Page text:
A bill was proposed recently by Senator Ed Markey, D-Mass. And Senator Richard Blumenthal, D-Conn. after a report was released by Markey which highlights the increasing dangers of vehicle hacking. The senators want the National Highway Traffic Safety Administration (NHTSA) and the Federal Trade Commission (FTC) to create rules protecting the safety and security of vehicles and drivers.
Vehicles are becoming more sophisticated and connected through wireless technology, therefore becoming increasingly vulnerable to attack through networks, phones, and systems like OnStar.
Murkey said, “We need the electronic equivalent of seat belts and airbags to keep drivers and their information safe in the 21st century. There are currently no rules of the road for how to protect driver and passenger data, and most customers don’t even know that their information is being collected and sent to third parties. These new requirements will include a set of minimum standards to protect driver security and privacy in every new vehicle.” He went on to say that he looks forward to a collaborative effort in the Senate to craft this legislation.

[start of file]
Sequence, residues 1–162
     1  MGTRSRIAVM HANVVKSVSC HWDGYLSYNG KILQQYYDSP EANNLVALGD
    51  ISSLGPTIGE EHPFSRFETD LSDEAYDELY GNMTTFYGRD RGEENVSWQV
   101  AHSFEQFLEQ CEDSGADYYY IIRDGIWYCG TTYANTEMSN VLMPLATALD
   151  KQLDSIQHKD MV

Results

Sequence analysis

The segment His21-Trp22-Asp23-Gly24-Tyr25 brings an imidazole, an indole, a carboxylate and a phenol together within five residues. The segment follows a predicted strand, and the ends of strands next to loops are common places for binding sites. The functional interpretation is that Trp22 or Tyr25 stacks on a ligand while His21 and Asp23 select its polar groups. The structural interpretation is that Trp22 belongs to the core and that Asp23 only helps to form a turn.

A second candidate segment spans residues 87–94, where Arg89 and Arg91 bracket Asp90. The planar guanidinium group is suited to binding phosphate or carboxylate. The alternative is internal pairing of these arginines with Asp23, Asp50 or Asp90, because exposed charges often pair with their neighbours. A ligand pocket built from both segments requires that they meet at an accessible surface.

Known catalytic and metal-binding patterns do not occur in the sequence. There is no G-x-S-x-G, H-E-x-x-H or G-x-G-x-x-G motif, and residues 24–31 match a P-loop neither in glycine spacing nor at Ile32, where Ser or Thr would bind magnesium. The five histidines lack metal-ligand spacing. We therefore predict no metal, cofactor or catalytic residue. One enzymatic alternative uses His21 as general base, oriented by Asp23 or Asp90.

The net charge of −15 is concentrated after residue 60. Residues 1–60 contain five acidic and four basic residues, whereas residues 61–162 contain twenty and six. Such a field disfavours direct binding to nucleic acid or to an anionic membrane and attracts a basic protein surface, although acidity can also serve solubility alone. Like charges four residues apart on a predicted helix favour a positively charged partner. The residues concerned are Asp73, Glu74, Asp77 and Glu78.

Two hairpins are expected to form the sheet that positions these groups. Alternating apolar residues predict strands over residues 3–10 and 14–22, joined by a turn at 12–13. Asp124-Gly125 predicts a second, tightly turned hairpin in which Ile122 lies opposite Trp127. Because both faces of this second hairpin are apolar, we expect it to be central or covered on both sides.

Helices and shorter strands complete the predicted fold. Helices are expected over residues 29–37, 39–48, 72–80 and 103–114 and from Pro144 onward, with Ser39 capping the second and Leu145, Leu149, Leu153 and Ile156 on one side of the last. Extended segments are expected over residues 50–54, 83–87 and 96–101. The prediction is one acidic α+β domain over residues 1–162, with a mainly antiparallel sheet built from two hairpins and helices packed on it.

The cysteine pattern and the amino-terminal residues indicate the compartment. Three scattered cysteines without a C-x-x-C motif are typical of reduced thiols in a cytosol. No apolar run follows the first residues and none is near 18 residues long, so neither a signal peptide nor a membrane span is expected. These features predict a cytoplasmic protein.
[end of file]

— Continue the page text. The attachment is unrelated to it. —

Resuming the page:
Blumenthal feels that automakers need to step up. “Connected cars represent tremendous social and economic promise, but in the rush to roll out the next big thing, automakers have left the doors unlocked to would-be cybercriminals,” he said. “This common-sense legislation would ensure that drivers can trust the convenience of wireless technology without having to fear incursions on their safety or privacy by hackers and criminals.”
The proposed bill calls for evaluation and protection of all wireless access points, appropriately secured and encrypted data post-collection and a third-party detection and response feature to thwart hacking in real-time. Additionally, new vehicles would come equipped with a “cyber dashboard” which would evaluate the protections system and inform consumers about the level of protection each vehicle provides. The rating would be displayed much like fuel economy is now.
Wade Newton, spokesman for the trade group the Alliance of Automobile Manufacturers, which represents Detroit’s Big Three, said he hadn’t yet seen the report, but that automakers agree that security is essential. He went on to describe ways in which the industry is already addressing the issue of information protection.
Spokesman for the NHTSA, Gordon Trowbridge, reports that their agency is also evaluating potential threats and working “to ensure that manufacturers cooperate and address issues in order to keep motorists safe.”
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